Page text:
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liz chowsie

Five years ago, after a difficult (and expensive) week at the specialty/emergency clinic, my veterinarian determined what was causing my Yorkie’s frequent stomach upset, weight loss, and seizures. He was diagnosed with a chronic condition that, fortunately, is completely manageable by medication and diet.

I’ve had to tweak his care over the years, but please show no pity for my little pup. He’s doing just fine, and I suspect, possibly even has a better life than he would if he were totally healthy. Here’s why:

He gets more frequent veterinary checkups.

I may slack off when it comes to my own annual physicals, but since my dog’s prescriptions are contingent on bloodwork every six months, you can bet your bottom dollar I’m in that clinic like clockwork. Besides checking his condition, my vet looks at his organ functionality so if there’s an issue unrelated to his disease, I’ll know sooner than I might otherwise. This also gives me a close relationship with my veterinarian, who in a pinch, I can email on a weekend and since she knows my dog’s history, can give advice off the top of her head.

He gets only the healthiest treats.

The steroid my dog takes each day has caused him to have a sensitive belly. So there’s no temptation for me to feed him fatty table scraps unless I want to subject him to a bout of pancreatitis. Instead, he gets rewarded with apple pieces and baby carrots, and I splurge on the all-natural dog treats (I like Honest Kitchen “Quickies”). Plus, this makes the bit of string cheese (shh, there’s a pill inside), he gets each morning even more enjoyable for him.

The ante is upped for boarding and grooming.

I’m not sure if I’d have the heart to board my dog overnight at a boarding facility with crates (most dogs are fine with this, but mine is high-maintenance), but with his condition being exasperated by stress, it’s just not an option. Instead, if I want to go away, I have to arrange for him to stay with a friend or family member who he knows and likes (and preferably lets him sleep in their bed). Otherwise, I find a way for him to come with me, or I don’t go.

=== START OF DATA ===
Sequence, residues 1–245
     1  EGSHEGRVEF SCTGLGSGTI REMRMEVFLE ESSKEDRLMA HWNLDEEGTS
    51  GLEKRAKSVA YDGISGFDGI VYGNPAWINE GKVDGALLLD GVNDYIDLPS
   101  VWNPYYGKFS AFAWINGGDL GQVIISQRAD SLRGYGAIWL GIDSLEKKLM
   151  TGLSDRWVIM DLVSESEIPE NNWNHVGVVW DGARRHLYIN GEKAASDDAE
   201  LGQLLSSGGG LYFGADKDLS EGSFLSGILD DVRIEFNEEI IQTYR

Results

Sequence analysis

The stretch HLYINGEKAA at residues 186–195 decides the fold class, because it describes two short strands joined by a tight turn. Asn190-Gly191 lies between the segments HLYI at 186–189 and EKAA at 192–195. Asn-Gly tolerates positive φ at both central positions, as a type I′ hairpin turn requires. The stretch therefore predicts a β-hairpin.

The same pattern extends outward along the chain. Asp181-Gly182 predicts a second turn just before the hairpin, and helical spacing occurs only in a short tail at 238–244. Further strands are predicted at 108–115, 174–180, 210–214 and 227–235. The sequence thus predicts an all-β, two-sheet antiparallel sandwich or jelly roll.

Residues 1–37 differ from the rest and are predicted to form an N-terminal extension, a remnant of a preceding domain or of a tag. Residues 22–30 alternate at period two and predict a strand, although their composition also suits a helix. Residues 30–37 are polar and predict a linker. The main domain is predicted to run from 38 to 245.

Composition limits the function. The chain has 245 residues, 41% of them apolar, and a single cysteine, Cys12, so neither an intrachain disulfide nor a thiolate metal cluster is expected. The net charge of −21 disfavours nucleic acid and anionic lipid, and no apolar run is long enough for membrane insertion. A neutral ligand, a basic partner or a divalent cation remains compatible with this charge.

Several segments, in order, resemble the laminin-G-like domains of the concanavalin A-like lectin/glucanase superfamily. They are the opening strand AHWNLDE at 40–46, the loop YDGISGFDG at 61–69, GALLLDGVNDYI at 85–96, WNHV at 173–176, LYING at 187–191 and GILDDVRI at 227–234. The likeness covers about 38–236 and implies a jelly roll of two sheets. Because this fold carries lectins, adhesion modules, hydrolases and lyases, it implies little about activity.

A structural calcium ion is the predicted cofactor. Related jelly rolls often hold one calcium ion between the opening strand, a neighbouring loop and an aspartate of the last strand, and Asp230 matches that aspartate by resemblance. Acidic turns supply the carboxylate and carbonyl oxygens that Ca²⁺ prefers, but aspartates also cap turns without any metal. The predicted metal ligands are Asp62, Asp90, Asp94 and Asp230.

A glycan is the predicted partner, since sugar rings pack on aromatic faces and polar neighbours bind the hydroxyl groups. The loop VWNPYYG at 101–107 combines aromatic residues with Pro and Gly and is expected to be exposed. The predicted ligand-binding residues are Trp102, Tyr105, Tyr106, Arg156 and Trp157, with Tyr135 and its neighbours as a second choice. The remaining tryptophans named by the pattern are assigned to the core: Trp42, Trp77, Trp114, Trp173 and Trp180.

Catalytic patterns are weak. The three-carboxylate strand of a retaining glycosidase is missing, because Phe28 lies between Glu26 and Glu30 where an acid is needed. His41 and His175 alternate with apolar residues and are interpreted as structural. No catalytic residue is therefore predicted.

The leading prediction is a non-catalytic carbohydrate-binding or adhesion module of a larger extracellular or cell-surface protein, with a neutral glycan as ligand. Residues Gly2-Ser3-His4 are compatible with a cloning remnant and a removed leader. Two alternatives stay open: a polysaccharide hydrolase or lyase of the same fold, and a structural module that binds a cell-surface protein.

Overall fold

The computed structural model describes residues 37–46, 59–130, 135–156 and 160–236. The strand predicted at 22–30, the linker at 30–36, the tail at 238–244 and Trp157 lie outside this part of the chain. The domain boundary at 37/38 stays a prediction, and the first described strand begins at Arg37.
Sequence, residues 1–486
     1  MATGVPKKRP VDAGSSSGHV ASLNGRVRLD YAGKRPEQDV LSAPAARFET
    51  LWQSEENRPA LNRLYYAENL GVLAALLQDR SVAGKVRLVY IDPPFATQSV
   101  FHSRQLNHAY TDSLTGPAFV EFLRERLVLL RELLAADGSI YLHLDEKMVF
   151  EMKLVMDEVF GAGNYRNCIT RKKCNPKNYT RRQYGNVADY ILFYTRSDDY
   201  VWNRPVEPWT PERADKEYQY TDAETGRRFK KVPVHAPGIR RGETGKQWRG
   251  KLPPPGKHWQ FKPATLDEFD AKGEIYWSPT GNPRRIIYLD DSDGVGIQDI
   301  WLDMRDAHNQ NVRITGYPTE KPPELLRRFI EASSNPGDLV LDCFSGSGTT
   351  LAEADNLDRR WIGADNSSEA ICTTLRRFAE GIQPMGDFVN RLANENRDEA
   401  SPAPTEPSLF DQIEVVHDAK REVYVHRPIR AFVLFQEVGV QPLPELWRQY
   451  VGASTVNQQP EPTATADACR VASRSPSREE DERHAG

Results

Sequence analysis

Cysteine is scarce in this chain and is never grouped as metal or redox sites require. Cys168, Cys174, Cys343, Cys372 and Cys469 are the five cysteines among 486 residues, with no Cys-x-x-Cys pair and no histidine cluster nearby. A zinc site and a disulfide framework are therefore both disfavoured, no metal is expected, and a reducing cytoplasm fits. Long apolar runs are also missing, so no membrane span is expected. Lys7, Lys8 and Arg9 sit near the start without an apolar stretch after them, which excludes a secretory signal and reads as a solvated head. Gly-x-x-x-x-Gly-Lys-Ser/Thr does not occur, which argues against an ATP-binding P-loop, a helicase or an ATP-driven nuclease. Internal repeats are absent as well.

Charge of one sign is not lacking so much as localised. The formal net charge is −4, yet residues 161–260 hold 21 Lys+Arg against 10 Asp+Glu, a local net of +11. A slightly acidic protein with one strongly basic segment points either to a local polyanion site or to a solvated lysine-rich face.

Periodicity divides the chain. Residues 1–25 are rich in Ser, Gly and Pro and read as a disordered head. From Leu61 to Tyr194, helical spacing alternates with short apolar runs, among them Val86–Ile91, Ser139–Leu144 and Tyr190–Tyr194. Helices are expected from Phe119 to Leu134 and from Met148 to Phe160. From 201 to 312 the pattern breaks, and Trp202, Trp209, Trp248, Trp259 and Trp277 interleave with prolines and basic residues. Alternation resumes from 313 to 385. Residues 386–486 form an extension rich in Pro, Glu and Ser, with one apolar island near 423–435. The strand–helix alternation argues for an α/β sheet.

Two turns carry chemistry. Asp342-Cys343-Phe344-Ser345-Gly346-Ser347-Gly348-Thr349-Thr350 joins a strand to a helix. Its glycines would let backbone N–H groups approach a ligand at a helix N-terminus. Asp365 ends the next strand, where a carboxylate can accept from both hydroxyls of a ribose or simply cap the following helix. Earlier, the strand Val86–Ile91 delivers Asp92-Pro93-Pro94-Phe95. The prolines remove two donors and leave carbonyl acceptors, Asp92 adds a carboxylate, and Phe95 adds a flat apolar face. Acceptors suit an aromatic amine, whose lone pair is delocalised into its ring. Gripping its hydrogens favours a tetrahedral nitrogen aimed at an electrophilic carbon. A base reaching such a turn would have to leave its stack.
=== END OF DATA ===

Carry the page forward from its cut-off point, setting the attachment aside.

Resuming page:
And for grooming, I have to seek out the shi-shi places that do appointment-based grooming so he’s there for only an hour rather than the whole day. This costs more and is definitely more leg work, but in the end, he’s happier and more comfortable than he would be if I had the luxury, so to speak, of picking the cheaper option.

I’m very aware of his mood and, er, bodily functions.

If my dog is feeling off, I will know probably even before he does. Maybe that beautiful twinkle in his eye is a little less bright, or he greets me with one less bounce than usual. Having a dog with belly problems also makes you very aware of his poop. Is it a bit softer than usual? Someone’s getting Pepcid tonight. Is he having diarrhea? Let’s up the meds a bit to give his system a boost. I can catch problems earlier than I might if I weren’t watching him like a hawk.

I appreciate every second I have with him.

Waiting to find out what was wrong with my dog and seeing him hooked up to IVs with a “seizure watch” sign on his crate was a horrible experience. One vet told me they’d be checking for a pancreatic tumor, and I almost fainted. Since it ended being something I could manage, I’m grateful for every lick and wag, and even every terrier tantrum. The extra steps I have to take and the money I have to spend is all irrelevant. After all, he’s my best friend—and I’d do anything for him.

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